- Freelancers say life’s better since going independent.
Most freelancers we surveyed said they do not feel more financially stable since going independent; however, 68 percent of them say their quality of life has improved. Why? Because independent workers seem to favor freedom and flexibility above income. What’s even more interesting is that digital nomads were even more likely to report a higher quality of life (77 percent say life has gotten better since they went independent).
- Digital nomadism is an appealing lifestyle for many freelancers.
Of the freelancers we surveyed, 25 percent of them told us they are currently living and working as digital nomads in cities around the world. In total, 60 percent of respondents told us they would be open to exploring this type of lifestyle in the future. What’s holding up more freelancers from making the move? Beyond the logistics required to make such a change, 50 percent of our respondents also told us that they wished more companies would offer remote work opportunities.
- Personal branding matters.
As freelancers begin to position themselves as solopreneurs (and not just part-time workers), they are realizing the benefits of personal branding and marketing. More than 40 percent of respondents told us that personal branding is a critical function within their overall working responsibilities. The chart below shows some of the ways freelancers are finding and securing new projects.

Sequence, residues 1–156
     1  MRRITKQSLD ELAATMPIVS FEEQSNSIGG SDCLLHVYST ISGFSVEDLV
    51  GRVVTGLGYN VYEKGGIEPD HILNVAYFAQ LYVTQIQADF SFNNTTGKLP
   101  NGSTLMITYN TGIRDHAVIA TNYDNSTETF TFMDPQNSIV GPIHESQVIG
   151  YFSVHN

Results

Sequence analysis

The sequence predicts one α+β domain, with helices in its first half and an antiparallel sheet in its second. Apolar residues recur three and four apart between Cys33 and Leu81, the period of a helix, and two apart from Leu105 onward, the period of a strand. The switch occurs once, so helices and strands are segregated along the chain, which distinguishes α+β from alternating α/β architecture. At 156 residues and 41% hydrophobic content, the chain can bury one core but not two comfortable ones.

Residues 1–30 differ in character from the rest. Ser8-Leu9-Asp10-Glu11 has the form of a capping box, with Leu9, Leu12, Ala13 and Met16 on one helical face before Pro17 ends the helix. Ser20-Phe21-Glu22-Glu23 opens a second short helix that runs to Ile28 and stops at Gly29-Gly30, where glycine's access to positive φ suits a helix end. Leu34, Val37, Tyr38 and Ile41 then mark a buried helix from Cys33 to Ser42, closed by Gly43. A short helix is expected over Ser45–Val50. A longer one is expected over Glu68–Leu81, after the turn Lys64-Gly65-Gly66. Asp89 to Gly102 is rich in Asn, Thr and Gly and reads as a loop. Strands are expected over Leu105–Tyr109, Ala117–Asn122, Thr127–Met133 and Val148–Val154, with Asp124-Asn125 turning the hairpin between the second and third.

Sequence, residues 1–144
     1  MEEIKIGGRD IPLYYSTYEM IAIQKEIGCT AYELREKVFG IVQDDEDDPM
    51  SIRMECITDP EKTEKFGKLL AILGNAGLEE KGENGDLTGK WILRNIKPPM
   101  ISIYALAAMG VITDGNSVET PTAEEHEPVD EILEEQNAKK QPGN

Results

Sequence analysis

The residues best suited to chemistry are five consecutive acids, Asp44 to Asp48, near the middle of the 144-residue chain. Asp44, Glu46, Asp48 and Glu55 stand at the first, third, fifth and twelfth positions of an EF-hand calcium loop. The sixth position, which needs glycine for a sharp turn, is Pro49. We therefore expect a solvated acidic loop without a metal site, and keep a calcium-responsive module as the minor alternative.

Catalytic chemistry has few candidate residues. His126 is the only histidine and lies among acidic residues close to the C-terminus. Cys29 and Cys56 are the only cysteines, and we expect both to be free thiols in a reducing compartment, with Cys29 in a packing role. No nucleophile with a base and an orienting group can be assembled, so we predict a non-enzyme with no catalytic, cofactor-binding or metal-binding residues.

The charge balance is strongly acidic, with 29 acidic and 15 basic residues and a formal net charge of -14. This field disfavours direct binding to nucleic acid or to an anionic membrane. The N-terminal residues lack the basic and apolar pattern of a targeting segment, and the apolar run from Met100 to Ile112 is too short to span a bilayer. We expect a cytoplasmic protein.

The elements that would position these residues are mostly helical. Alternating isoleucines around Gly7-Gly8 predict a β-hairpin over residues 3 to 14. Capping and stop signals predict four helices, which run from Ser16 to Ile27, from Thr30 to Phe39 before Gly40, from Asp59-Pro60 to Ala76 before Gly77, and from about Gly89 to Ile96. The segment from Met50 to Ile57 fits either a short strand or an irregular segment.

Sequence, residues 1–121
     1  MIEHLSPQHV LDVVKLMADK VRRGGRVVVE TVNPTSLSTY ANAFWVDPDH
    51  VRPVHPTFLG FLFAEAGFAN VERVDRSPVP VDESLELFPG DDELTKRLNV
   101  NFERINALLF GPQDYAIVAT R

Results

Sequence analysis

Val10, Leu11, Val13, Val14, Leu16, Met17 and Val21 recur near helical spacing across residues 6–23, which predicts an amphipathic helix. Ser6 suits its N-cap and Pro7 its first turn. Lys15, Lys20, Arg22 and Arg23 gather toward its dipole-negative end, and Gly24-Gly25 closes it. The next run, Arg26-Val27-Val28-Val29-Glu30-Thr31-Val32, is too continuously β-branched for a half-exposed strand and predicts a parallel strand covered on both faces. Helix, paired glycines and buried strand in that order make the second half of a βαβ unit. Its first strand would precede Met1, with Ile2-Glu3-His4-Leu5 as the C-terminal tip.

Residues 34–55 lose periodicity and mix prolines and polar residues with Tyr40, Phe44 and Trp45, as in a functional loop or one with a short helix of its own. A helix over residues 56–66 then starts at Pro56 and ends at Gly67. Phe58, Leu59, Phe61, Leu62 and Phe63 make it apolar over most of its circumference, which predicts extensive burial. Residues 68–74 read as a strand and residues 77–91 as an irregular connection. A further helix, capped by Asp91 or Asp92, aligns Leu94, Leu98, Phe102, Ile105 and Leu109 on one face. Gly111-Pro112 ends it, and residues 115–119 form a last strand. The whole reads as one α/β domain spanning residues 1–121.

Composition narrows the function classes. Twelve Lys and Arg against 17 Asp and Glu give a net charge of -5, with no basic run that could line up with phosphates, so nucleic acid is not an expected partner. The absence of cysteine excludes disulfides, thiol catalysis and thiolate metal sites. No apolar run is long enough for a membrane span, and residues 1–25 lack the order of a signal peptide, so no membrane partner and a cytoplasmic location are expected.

- No, freelancers do not “celebrate working themselves to death.”
A recent New Yorker
piece criticized the gig economy for celebrating long hours and overwork. While it’s true that the sum total of a solopreneur’s responsibilities can often amount to more than the typical 40-hour work week, freelancers do
in fact care about work/life balance. In fact, when asked what their top career objectives were, they cited flexibility and work/life balance more often than anything else.
- Most freelancers see globalization as an opportunity.
As global borders dissolve and give way to more fluid work/travel lifestyles, it’s also becoming easier than ever to find work outside of one’s one market. The freelancers we surveyed, overall, see globalization as an opportunity for them, and not a risk to their future businesses.
- Many freelancers want to be independent forever.
Counter to the stereotype that people go independent when they have no other options (e.g. following a layoff), 41 percent of freelancers we surveyed say they want to do so “forever.” Moreover, only 6 percent told us they made the move to freelance to chase after a perceived financial upside.
So, what’s next for the freelance workforce? Respondents told us they are looking forward to more infrastructure and solutions for managing their business. They also cited a lack of community as one drawback to independent work, though organizations like the Freelancers Union are working hard on that aim.
View and share the full report here